You have the weapons. You have the fighting. Talk about what you had to go through physically? Did you get hurt?
We’ve all been injured quite a bit. I have too. One of the first episodes in Season 1, the first time I tried to train Supergirl was when I put her in with the kryptonite emitters, and I take some of her power down so we can even fight. It was one of our very first fight sequences, and she ended up throwing a jab and swung her elbow around and actually ended up hitting me in the eye.
She got punched in the face by an MMA fighter. I’ve punched David at one point. I hit someone’s nose, and almost gave them a bloody nose. It’s not that we’re haphazard. We’re figuring all that stuff out too. It’s a learning process, but we got a bit better in the second season. By then, we had some experience of knowing that, if we had to improvise something because we missed a beat, we can figure out how to do that and still make it look good and authentic.
In Episode 15, there’s that scene with Jeremiah where I’m beating the hell out of him and it was just so much fun to do. [Laughs] It’s exhausting, and you wake up the next morning and say, “Oh my god.” Suddenly, there are muscles in places I never even knew, and it’s been an incredible experience across the board. It’s grown so much.
You went from one fandom in Shondaland – and I still haven’t forgiven her – to this. The comic fandom. It’s huge.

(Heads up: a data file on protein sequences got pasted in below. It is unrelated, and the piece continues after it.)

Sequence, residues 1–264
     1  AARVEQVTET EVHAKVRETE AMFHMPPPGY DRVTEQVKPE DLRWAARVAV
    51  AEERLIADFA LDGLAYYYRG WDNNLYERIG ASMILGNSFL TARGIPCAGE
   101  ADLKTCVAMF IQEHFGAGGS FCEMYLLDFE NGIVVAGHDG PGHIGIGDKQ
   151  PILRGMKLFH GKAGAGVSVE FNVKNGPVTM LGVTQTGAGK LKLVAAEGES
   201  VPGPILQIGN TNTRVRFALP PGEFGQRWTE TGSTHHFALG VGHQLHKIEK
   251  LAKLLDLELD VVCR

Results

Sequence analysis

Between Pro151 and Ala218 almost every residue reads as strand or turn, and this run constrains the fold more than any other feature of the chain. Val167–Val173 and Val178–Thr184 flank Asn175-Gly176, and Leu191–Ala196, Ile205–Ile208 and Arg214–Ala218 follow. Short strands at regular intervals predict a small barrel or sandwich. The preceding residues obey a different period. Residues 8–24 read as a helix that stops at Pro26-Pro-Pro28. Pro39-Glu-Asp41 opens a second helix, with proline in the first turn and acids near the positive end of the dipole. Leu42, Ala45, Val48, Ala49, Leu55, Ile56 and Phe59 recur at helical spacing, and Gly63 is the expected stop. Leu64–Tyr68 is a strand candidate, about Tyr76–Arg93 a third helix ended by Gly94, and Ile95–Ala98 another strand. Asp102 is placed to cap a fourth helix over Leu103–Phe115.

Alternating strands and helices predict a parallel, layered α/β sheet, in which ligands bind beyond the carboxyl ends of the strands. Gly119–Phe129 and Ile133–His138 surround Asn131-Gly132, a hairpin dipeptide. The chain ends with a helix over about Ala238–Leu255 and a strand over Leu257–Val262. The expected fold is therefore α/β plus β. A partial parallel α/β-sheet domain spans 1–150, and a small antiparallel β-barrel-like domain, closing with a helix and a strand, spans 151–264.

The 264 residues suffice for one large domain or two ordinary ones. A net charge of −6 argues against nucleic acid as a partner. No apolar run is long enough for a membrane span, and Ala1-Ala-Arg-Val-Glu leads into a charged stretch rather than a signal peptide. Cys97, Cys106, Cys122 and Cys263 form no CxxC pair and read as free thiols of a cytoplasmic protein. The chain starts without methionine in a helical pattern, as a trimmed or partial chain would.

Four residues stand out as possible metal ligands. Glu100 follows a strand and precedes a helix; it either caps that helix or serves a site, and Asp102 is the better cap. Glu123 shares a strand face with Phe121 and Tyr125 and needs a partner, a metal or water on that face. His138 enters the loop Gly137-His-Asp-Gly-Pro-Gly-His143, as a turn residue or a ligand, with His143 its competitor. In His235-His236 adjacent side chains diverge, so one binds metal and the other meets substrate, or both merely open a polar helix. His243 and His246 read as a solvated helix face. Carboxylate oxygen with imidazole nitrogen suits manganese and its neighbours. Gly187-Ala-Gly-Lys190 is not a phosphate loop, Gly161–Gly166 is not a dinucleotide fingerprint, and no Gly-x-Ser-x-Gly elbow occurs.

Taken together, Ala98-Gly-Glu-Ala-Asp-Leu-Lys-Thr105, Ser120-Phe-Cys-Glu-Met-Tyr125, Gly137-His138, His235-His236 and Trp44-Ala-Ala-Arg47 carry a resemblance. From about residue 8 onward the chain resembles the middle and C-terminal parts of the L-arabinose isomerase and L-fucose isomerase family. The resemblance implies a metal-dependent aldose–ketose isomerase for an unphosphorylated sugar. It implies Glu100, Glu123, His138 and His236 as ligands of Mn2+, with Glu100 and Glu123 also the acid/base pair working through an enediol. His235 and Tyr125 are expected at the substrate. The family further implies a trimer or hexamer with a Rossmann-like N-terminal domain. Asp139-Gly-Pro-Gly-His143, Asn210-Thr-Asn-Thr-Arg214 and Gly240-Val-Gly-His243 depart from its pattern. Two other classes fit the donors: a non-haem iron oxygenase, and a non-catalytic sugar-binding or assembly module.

Oh my gosh, it’s a whole different ballgame. It’s amazing.
It’s crazy, but how are you finding it and adjusting to it?
Yeah, you know it’s been a really big adjustment in life in general. That ties in very heavily with the whole fanverse thing. It’s been life-changing being on the show. It really has. It really has bled into all aspects of my personal life. Of course, coming across the fans and the way they have responded and reacted and the thousands of letters I’ve had from fans saying, “You have no idea what you’re doing and how it’s changed my life, and how it saved my life.”
I’m getting letters from fans telling me how they almost committed suicide or they cut. I can’t tell you how much I have cried in the best way and in a heartbreaking way where people are telling me their stories and knowing that what we’re doing is changing lives and really shaping an entire movement if you will. In a lot of ways, we’re breaking the mold. It’s this comic book show that’s coming along and making waves, and I’m so dumbfounded by the whole thing. I meet people at comic cons, and it’s heavy.
My husband has a band called East of Eli and we’re about to go on a European tour. It’s his project, but I sing with him as well. We’re leaving soon but the last few shows I’ve done with Nathan where fans have also been fanverse fans, and I literally spent hours afterward meeting people. They come up and say they want to share their stories. They give me letters and bracelets, and it’s so overwhelming and wonderful. I want to be able to talk to everybody, hug everybody and just let people know how much they are loved and appreciated. Supergirl and our fanverse has given me the platform to help a tremendous amount of people. The music too, everything we do is very purposed and very intentional.
We’ve really been able to make such a huge impact on people’s lives and I’m so grateful for that. A big part of what we’re doing in Europe while we are out there is talk to people and encourage them. It’s so surreal and amazing. It’s such an honor to be on the show.